The 'Girls' Season-Premiere Gut Check: Karaoke, Emojis, and Sleepovers

James: No, I've never known anyone who used emojis in serious relationship discussion. I mean, I object to text for any serious discussion, much less relationship discussion, but it happens. Emoticons also happen.

Ashley: Yes. I don't emoji (do emoji? use emoji? speak emoji?), but it seems like it takes a lot of imagination to compose a message in just little tiny pictures. So I can see how a sender might think a well-crafted emoji message is a cool, creative accomplishment, while a receiver who's not as enthused might only think, "Wow, you spent a whole 20 minutes on one text. That's... really weird."


Facebook and exes: Shoshanna unfriends Ray on Facebook because she doesn't want to see him all over her news feed. What's the etiquette here?

Eleanor: Good move. I generally think it's a bad idea to try to remain friends with an ex, on Facebook or in real life, for the first few months after a breakup. You gotta move on. The person who was unfriended shouldn't feel slighted and definitely shouldn't say anything to the ex about it. Let her (or him) move on.

Chris: I'm vicious when it comes to unfriending people. Every couple months, I try to cull down my list of friends on Facebook—it seems silly to me to stay connected with people I'm not interested in seeing. So, mark me down for Team Shoshanna on this one. If she doesn't want to see him on her newsfeed, she's right to unfriend him.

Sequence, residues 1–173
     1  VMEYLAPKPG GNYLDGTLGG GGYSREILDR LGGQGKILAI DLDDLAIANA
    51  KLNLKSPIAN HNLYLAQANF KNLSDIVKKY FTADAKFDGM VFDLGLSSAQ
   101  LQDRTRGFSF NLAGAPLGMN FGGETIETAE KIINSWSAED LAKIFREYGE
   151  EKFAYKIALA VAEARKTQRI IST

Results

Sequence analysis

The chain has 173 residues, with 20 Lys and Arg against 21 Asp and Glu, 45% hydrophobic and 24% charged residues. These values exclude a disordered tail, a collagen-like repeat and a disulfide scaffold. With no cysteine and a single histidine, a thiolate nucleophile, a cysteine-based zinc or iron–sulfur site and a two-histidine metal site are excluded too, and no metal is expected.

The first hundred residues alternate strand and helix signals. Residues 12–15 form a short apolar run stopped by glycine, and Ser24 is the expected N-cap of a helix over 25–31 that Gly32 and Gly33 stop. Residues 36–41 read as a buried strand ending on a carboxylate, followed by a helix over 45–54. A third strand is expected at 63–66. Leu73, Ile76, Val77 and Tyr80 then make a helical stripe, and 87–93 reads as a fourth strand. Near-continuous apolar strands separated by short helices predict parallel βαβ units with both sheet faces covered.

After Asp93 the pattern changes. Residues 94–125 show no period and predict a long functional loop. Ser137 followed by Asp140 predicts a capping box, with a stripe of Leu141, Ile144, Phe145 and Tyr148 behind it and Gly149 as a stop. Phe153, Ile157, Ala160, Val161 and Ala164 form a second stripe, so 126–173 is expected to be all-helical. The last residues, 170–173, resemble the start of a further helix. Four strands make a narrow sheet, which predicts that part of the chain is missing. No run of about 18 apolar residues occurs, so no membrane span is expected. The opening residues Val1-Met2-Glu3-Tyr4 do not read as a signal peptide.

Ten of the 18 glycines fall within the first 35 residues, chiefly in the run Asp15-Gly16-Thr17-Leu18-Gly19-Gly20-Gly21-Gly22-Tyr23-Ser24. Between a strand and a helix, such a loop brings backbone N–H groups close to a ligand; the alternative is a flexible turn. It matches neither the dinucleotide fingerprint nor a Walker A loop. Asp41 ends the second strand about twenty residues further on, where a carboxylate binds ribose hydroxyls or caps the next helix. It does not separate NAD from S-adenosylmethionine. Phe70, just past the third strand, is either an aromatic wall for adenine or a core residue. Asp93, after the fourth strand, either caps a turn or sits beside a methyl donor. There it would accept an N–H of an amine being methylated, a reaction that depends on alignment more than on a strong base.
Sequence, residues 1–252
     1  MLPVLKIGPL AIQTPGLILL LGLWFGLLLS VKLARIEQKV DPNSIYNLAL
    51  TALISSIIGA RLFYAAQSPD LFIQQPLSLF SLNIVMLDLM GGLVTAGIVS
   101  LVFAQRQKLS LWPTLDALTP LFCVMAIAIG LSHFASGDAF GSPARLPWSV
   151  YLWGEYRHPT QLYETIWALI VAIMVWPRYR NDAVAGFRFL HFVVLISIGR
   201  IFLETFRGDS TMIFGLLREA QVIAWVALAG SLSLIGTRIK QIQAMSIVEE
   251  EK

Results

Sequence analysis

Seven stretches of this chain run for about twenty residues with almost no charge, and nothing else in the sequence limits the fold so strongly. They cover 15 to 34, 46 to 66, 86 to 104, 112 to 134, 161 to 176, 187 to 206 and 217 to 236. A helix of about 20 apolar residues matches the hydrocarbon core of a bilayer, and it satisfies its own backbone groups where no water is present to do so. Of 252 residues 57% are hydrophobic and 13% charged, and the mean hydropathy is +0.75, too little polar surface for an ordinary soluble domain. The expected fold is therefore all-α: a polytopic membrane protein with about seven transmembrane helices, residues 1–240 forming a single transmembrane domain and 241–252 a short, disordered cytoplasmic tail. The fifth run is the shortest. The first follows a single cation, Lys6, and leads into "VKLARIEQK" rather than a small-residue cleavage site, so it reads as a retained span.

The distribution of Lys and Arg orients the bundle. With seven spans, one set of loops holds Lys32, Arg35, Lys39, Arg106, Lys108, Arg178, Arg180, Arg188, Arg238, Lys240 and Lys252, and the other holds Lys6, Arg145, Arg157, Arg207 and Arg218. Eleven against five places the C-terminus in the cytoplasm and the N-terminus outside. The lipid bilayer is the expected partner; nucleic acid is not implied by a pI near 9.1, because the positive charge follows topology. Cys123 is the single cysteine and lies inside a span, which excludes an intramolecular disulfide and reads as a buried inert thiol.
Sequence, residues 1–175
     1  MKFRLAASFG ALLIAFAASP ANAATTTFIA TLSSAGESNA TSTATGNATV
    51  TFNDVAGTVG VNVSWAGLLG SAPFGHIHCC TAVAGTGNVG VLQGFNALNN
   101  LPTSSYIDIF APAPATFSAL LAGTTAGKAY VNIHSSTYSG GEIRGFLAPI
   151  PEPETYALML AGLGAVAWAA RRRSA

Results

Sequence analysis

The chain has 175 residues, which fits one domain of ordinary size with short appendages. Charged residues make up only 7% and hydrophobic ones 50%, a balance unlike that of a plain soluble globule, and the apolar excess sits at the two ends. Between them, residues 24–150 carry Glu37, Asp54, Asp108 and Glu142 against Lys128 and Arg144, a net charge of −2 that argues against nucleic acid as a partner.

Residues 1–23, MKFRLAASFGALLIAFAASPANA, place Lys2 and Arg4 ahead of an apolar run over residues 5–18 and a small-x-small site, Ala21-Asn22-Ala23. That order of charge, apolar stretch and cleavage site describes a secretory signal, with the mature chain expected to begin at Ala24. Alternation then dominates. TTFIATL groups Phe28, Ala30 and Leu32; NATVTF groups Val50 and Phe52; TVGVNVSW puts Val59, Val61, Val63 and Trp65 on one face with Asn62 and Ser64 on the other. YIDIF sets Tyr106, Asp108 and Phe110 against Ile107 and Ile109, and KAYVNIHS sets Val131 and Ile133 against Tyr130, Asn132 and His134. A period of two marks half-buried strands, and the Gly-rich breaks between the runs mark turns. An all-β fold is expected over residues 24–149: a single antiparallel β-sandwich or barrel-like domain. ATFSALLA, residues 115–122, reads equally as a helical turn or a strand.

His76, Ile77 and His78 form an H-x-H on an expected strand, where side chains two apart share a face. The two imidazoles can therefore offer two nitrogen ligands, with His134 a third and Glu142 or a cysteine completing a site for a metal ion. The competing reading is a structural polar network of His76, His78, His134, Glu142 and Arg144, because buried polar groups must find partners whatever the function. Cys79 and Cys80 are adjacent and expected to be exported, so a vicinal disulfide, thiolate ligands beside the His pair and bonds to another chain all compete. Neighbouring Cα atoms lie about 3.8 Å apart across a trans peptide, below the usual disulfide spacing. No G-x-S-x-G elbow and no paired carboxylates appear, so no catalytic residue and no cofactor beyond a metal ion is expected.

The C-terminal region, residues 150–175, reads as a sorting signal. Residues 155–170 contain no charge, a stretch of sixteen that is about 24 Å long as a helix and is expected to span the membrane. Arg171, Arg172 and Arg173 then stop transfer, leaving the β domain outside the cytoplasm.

Of course, if she still wanted to peek at Ray's profile occasionally, she could've also just changed her newsfeed settings to not show his updates. I do this a lot and I have absolutely no shame about it.

James: Ah I could go ON about this. Never unfriend anyone. The sensation of eliminating someone with the click of a button is a dangerous one. Well, unless there's a serious issue like they assaulted or stalked you and it was necessary that they not have access to your profile. Because that's what UNFRIEND says: I don't trust you with knowledge of what's going on in my life. If you just don't want to hear about someone on your feed, you can hide them. Unfriending is above and beyond necessary. I've even argued (anonymously) in favor of—if you do have to unfriend someone—reconciling and refriending at a later time.

Ashley: Poor Shoshanna. Being spontaneously ambushed with unwanted details about your ex's life post-you has been depressing for generations—and Facebook has made surprise bummers like these a frequent and routine part of our lives. Not wanting a former "lover," as Shoshanna puts it, to keep popping up on your Facebook feed is totally normal and, I'd say, justified.

But: I feel like she would have benefited from knowing there's a setting that allows you to simply hide certain friends' activities from your feed. Something tells me Shoshanna would have loved to retain selective snooping privileges.


The last persecuted groups: As Elijah ponders whether he might be bisexual, he posits that the only groups of people you can still make fun of are bisexuals and Germans. True?

Eleanor: Mmm. Good question. I guess I'd add hyper-religious people? Southerners? People who buy stuff from infomercials?